What are your obligations when it comes to labelling?

2 min read

If you ask a designer of electronic or electrical products about the various pieces of European legislation which apply, they will probably discuss EMC and WEEE. If you’re lucky, they might also talk about RoHS and REACH. ​If you ask Richard Poate, senior compliance manager with TÜV SÜD Product Service, about these various requirements, he’ll say there has been a significant increase in the amount of such legislation and that it will continue to grow.

“All these various pieces of legislation,” he said, “are trying to tackle the same thing – how to protect the environment."

Legislation such as RoHS – the Restriction of Hazardous Substances Directive – are intended to tackle the problem from the design perspective. “You have to know what’s in your products so they don’t cause problems later on,” said Poate. “Generally, for more mainstream products, companies have got a pretty good grip of the requirements, but the biggest impact is coming from REACH – the Registration, Evaluation, Authorisation and restriction of Chemicals Directive.”

Poate noted: “If I’m selling paint, then REACH obviously applies. But a manufacturer of office furniture will find REACH just as relevant, but in a different away; the desk may be painted, for example, or it might have a lacquer finish.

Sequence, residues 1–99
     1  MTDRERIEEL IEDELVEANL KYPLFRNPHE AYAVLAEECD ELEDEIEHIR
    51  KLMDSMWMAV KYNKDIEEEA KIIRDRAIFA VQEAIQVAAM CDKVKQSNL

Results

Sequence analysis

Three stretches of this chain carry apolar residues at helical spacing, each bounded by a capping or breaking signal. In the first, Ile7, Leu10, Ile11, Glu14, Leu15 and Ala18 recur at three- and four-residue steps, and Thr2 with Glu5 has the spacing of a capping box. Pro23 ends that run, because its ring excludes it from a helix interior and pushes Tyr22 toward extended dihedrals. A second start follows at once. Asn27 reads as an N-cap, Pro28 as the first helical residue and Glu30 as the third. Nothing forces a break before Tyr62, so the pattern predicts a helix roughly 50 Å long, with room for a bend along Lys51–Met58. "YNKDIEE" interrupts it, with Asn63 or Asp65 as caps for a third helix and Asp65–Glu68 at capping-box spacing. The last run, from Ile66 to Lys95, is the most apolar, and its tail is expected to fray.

“It’s important that you manage your supply chain effectively,” he advised. “If someone challenges you, then you’ll be able to tell them exactly what’s in your product.”

But how do you tell people – and what are the legal requirements when it comes to labelling?

“There isn’t one piece of legislation that says ‘this is what you have to do’,” Poate admitted. “Labelling requirements derive from a number of different pieces of legislation.

“Electrical products will be tested to something like IEC6950, for example, and these standards will have a set of labelling requirements – but they are likely to be safety specific. For example, there’s the square in a square symbol for double insulation and the crossed out wheelie bin.

“Radio equipment is another example; the particular labelling requirements depend on what type of transmitter is being used and which market the device is being sold into.”

What if you’re required to provide a range of information, but your product is too small? “It’s easy to put a big label on a big piece of machinery,” Poate said. “But with things like a mobile phone, the necessary information can often be displayed on the device’s screen. Other solutions include pull out tags.”

Because there are no specific labelling requirements, some product developers are becoming more selective about what they put on the label – the CE mark might be the only visible mark. “Five or 10 years ago,” he continued, “it was a case of ‘let’s show all the certifications’. Today, products often have only a small area and some of the companies we talk to don’t want labels on their products because of styling issues.”

Are there innovative solutions, such as the use of NFC or RFID? “As soon as you say that you’ll need an RFID reader, you’ll be in trouble because people should be able to access information readily,” he warned. “A while ago, companies started thinking about supplying information on a CD – and that caused huge discussions. I think any move to more elaborate solutions will be some way off.”

Poate said TÜV is often asked ‘what do you think?’ when it comes to labelling. “If they want to do something novel, the only definitive decision will come from a court of law, so our advice is to follow best practice,” he concluded.